Scientists Unveil 20 New Species … Including a Giant Blue Scorpion and Massive Hairy Spider (How DID We Ever Get By Without Them?)

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For 20 years, field scientists working with Conversation International have been exploring some of the world’s most abundant, mysterious and threatened tropical ecosystems.

To date, they have discovered more than 1,300 species new to science – although so far only 500 or so have been formally described by taxonomists, in terms of classification and naming.

And now, to celebrate their 20 years of cataloguing, the group has released 20 of their favourite finds.

While some – like the fish that flashes a beautiful array of colours when it is in love – make a great sight, others are more than likely to quiver, such as the giant blue scorpion, or the ants which hook on to each other with sharp barbs when threatened.

And arachnophobes – take a deep breath, because this is what is thought to be the largest tarantula known to exist – oh, and it eats lizards.

The giant spider is the Goliath bird eating spider (theraphosa blondi) and is the largest (by mass) spider in the world, reaching the weight of 170g and leg span of 30cm.

It was observed by Conservation International’s Rapid Assessment Program scientists in Guyana in 2006, where it lives in burrows on the floor of lowland rainforests.

Despite the name, it feeds primarily on invertebrates – but have been observed eating small mammals, lizards and even venomous snakes.

They have venom fangs, which are not deadly to humans, but their main line of defense are hairs that cover their entire body – when threatened their rub their legs agains the abdomen and send a cloud of microscopic barbs that lodge in the skin and mucus membranes of the attacker, causing pain and long-lasting irritation.

Meanwhile the emperor scorpion (pandinus imperator) has an eight-inches-long body, this is one of the largest scorpions in the world – a species from India is reputedly slightly longer.

Observed by scientists in Atewa, Ghana in 2006. Despite their enormous size they feed primarily on termites and other small invertebrates, and its venom is not particularly harmful to humans.

The venom of this species contains compounds that are being tested as potential drugs to control arrhythmia (a heart disease) and the blue fluorescent betacarbolines that cover its body (visible only in ultraviolet light) are studied in order to understand degeneration of proteins in human eye lenses, which leads to cataract blindness.

Not new to science, but observed by the RAP team, is the fish-hook ant. Scientists, as well as mammal and bird predators, think twice before messing with this large (1.5 cm) ant in the forests of Cambodia – their curved spines can easily slice through skin and tend to hold on for a while.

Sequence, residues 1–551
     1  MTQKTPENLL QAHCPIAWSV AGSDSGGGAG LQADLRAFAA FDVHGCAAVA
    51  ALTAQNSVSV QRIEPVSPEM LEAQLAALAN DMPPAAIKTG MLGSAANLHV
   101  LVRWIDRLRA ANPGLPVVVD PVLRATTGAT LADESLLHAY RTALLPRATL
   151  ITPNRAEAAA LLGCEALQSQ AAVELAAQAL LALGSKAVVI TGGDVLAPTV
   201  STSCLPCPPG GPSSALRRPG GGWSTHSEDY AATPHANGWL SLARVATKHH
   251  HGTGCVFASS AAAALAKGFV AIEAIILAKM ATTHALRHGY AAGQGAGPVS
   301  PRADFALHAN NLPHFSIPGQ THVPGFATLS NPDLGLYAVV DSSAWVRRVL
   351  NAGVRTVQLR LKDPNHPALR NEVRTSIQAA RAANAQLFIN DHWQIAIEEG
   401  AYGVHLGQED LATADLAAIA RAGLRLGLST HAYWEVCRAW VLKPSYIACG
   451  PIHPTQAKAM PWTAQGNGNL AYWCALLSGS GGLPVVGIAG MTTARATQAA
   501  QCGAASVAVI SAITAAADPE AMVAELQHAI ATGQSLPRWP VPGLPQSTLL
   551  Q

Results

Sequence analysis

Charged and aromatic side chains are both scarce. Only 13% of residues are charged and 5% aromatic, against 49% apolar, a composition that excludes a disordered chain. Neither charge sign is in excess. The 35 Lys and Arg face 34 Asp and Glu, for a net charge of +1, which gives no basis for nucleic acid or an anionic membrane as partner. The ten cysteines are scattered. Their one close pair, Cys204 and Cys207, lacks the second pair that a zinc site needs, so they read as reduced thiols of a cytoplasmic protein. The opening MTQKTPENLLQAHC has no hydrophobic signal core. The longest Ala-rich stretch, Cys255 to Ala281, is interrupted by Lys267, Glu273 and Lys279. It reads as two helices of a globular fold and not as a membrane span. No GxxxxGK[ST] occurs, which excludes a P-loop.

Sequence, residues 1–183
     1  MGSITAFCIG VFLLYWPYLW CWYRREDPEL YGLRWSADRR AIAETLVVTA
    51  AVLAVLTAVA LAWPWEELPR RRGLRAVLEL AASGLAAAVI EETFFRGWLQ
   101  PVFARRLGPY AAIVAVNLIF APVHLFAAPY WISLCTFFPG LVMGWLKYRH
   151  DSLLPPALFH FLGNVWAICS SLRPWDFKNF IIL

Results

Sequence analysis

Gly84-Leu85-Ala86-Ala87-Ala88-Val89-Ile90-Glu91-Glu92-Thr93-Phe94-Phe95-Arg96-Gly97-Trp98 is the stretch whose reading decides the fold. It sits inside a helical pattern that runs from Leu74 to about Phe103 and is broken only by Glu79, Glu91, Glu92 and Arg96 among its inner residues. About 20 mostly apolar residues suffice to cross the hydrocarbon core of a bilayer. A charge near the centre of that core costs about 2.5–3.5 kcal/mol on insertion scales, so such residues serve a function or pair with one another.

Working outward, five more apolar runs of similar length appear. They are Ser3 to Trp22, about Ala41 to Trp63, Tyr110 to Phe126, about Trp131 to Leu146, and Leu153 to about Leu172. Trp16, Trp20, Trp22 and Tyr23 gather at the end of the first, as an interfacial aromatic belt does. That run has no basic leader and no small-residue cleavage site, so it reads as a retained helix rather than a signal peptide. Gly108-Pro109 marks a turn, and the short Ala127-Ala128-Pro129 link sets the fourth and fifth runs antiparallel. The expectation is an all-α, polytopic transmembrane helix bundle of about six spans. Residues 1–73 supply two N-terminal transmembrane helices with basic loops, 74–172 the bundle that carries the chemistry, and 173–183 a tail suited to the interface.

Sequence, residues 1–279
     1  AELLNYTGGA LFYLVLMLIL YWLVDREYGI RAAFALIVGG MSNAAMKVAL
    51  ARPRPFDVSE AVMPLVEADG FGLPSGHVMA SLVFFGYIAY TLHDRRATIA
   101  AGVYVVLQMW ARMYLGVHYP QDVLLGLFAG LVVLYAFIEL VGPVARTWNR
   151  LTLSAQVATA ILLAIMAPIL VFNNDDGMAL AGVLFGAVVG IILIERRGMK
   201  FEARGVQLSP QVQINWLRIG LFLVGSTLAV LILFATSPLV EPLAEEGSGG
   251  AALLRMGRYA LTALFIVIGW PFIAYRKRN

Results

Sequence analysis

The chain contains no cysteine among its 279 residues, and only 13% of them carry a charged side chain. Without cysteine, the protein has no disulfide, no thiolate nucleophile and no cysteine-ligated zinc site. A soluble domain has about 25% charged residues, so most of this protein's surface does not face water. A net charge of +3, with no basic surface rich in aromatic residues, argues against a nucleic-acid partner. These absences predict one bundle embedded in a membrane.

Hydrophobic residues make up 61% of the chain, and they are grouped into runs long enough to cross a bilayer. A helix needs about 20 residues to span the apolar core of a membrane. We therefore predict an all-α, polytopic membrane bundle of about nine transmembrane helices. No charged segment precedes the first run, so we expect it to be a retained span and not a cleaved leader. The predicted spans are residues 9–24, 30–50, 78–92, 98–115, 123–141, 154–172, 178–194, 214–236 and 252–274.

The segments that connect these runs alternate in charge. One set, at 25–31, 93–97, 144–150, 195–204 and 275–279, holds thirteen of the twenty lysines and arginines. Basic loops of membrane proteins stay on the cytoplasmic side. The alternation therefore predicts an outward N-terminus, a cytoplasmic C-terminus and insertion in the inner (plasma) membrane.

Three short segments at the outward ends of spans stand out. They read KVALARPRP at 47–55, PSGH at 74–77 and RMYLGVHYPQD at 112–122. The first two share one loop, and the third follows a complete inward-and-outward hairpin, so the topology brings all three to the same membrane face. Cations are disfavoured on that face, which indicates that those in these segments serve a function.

These ants live in large numbers in nests in dead tree trunks on the forest floor, and when attacked they swarm out and hook onto each other, making extracting an individual ant by a predator difficult.

The hooking together behavior is inadvertent – they do not seek each other to hook together – but nevertheless quite effective as a defense mechanism.

Ants play an important ecological role as scavengers – they are often some of the first organisms to feed on dead insects and animals, which help to recycle organic material back into the ecosystem and to keep dead animals from piling up.

The RAP project’s achievements are highlighted in the new book ‘Still Counting…’ edited by Leeanne Alonso, Director of CI’s Rapid Assessment Program in collaboration with other leading scientists.

Part memoir, part historical report, part methodology guide, ‘Still Counting…’ revisits RAP expeditions to some of the most remote and least known areas on the planet, recounting the physical challenges and personal highlights experienced by its scientists and features more than 400 amazing color photographs of rare and exciting species from around the globe.

‘It’s been an amazing adventure,’ said Alonso, who has coordinated and led surveys for the past 13 years.

‘Despite the pressures we put on nature, it continues to mystify, inspire and teach us with a wealth of hidden treasures and ecosystem services that people rely on, and that we’re still only beginning to understand.’

To mark the twenty years, CI has designated the Top 20 ‘RAP stars’ of the program’s history. Species include some of the most biologically surprising, unique, or threatened discoveries of the teams’ surveys, and include poster species that have captured the public’s and media’s imagination with popular nicknames like the ‘Pinocchio frog’.

Launched in 1990, the idea behind the creation of CI’s Rapid Assessment Program was to build a team of the best field biologists from different disciplines, and create what CI founder, CEO, and Chairman Peter Seligmann described in the foreword to the book as ‘An ecological SWAT team that could accurately assess the health of an ecosystem in a fraction of the time it would normally take’.

Among the program’s achievements, are the completion of 80 surveys in 27 countries, including 51 terrestrial RAPs, 15 MarineRAPs and 13 freshwater AquaRAPs.

The next animal on the list is the strumigenys tigris ant, which lives in the leaf litter of rainforests of Papua New Guinea.

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